Explorations in Black Leadership

Co-Directed by Phyllis Leffler & Julian Bond

White, Walter (1893–1955)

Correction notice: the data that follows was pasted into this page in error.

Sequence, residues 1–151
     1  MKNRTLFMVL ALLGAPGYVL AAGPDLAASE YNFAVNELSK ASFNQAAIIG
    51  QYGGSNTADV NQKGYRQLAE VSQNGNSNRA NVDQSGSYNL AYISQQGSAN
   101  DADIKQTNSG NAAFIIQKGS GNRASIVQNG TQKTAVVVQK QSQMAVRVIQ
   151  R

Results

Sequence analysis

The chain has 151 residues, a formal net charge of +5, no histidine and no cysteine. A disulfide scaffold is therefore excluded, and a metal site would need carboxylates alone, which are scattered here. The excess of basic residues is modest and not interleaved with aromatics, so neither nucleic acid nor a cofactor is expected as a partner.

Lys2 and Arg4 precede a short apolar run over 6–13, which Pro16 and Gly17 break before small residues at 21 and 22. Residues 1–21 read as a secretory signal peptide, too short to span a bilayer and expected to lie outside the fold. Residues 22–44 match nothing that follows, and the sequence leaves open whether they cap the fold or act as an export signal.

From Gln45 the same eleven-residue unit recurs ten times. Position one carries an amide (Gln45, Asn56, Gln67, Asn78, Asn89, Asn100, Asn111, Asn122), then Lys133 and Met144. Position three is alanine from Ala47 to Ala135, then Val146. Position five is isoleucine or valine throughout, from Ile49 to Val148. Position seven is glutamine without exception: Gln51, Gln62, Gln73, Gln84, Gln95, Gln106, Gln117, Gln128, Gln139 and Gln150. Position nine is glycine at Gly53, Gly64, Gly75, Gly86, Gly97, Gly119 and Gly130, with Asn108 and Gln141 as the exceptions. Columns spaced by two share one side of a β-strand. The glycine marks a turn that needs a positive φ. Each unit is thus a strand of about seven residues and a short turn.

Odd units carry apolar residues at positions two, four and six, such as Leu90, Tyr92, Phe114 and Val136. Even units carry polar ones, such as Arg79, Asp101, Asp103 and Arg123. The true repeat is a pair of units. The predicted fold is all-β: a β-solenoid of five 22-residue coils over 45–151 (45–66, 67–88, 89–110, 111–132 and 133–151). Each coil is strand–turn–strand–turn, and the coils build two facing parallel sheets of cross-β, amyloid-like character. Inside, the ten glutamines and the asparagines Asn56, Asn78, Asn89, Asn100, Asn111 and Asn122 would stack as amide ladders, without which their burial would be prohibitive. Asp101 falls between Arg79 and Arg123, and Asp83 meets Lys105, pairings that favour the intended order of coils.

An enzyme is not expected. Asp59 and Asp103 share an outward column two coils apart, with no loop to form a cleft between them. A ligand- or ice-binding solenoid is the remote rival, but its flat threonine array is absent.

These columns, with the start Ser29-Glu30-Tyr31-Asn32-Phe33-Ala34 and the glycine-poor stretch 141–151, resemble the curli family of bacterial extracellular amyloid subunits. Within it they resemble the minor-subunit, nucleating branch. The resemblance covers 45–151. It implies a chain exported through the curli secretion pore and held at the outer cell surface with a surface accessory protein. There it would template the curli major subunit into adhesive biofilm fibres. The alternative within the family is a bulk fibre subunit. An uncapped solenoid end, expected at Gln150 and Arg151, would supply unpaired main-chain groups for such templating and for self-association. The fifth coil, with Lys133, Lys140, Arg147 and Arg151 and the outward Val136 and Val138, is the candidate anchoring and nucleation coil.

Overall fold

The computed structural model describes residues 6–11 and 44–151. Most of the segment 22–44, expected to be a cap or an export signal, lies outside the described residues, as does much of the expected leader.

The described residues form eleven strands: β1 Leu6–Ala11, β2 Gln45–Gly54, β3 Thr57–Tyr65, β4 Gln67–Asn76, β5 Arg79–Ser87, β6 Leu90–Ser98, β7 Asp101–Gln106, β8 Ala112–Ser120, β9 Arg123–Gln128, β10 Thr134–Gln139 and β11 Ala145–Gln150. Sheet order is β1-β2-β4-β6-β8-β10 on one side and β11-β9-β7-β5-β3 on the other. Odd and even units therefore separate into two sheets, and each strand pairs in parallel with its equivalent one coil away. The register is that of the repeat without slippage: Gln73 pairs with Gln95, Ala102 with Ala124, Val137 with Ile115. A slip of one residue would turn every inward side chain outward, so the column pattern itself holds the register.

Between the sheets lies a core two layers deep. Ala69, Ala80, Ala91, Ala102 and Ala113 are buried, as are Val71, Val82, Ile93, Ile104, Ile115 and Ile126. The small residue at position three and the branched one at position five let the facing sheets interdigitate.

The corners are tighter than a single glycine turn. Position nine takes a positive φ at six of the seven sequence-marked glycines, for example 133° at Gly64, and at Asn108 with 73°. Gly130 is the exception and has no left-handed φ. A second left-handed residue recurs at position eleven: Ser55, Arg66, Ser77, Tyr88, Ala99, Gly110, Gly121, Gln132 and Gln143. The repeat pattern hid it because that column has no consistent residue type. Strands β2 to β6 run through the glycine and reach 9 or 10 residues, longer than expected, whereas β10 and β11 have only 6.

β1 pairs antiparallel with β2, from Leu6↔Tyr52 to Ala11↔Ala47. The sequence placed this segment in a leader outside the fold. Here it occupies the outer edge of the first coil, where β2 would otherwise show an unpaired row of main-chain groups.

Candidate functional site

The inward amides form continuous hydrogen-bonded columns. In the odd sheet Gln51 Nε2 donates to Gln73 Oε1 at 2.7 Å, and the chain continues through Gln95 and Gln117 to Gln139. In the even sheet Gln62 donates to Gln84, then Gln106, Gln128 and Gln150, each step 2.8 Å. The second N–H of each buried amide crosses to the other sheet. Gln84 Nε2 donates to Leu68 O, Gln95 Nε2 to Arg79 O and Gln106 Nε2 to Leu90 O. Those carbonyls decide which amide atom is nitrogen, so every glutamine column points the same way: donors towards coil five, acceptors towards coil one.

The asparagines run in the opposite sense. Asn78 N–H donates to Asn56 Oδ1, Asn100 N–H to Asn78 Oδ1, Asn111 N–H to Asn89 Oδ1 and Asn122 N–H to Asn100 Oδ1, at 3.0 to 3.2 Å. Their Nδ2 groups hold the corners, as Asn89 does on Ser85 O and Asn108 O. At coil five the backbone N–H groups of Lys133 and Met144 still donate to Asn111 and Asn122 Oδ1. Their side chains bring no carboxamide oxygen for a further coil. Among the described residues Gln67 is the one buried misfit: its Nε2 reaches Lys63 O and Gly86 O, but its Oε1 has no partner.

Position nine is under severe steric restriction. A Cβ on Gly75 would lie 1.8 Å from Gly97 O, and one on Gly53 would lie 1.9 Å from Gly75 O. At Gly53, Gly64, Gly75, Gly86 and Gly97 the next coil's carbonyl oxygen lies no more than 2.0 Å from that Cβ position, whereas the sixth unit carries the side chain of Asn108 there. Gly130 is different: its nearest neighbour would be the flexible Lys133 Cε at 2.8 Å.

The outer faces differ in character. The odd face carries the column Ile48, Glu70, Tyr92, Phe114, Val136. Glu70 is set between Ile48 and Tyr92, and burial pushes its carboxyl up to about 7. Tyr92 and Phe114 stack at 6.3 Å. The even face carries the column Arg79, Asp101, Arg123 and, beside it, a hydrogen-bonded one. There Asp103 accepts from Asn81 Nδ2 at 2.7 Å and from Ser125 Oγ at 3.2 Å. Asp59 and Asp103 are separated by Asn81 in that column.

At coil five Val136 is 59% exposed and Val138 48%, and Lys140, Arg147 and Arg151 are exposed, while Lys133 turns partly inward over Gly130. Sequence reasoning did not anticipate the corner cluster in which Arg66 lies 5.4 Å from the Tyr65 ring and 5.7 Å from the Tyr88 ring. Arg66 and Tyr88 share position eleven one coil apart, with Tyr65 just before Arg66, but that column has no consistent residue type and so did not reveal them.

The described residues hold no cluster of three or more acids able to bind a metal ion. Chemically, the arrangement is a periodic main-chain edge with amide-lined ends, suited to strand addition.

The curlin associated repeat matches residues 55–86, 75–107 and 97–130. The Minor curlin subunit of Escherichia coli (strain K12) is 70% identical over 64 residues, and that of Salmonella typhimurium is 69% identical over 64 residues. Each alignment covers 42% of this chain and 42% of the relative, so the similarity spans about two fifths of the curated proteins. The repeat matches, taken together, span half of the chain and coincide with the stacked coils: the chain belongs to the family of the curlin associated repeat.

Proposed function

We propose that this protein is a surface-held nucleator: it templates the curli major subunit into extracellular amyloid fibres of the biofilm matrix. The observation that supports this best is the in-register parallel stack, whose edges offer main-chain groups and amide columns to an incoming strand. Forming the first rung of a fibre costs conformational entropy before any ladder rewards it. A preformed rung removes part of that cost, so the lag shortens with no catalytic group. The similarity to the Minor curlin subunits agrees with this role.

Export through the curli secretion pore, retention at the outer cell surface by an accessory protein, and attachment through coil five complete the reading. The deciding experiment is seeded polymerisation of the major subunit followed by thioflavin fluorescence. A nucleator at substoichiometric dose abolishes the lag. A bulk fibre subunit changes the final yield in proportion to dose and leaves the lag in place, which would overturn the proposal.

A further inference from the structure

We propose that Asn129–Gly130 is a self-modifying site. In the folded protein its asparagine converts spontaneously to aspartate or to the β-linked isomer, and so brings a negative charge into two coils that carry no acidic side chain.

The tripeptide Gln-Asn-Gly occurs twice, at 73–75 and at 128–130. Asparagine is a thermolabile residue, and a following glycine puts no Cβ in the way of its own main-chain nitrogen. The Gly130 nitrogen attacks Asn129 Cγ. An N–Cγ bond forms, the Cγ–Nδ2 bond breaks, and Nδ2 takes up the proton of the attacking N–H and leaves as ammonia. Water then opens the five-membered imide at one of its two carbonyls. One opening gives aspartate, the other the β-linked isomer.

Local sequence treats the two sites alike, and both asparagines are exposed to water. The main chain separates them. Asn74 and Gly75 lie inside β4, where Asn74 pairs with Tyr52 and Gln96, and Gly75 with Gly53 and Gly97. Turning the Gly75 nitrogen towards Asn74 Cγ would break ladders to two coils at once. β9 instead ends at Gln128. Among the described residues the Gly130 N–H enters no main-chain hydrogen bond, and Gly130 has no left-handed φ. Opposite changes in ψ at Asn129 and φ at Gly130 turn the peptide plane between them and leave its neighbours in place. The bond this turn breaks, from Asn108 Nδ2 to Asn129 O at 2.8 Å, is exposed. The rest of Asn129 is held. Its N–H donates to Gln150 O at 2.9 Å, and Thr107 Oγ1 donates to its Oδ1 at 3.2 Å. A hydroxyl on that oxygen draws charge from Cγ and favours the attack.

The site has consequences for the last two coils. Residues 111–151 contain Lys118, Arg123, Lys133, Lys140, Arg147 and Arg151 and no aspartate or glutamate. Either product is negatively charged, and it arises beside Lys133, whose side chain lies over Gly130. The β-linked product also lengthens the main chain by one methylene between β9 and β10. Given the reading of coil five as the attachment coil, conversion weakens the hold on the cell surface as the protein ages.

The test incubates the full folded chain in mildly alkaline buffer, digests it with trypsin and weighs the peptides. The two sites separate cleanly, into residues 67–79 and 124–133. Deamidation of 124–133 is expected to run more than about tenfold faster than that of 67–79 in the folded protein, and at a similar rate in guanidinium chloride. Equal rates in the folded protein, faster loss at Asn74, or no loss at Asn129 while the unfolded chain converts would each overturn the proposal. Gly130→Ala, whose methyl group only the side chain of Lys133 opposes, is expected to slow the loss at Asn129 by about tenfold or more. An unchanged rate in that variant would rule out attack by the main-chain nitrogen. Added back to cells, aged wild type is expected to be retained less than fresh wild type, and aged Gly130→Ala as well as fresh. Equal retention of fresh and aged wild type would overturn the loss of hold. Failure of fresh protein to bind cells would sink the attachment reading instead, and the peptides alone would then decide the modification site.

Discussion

White was the head of the NAACP for nearly twenty-five years from 1931 to 1955. Born in Atlanta, he graduated from Atlanta University in 1916. When the Atlanta Board of Education decided to stop 7th grade for black students to fund a new high school for white students, he organized a protest, starting his long career in civil rights advocacy. He founded the Atlanta NAACP branch and started working nationally in 1918. As executive secretary of the NAACP from 1931 to 1955, he started the Legal Defense Fund, which made Brown v. Board of Education possible, convinced FDR to start the Fair Employment Practices Commission and end defense hiring discrimination, got Truman to desegregate the armed forces, and fought for antilynching legislation.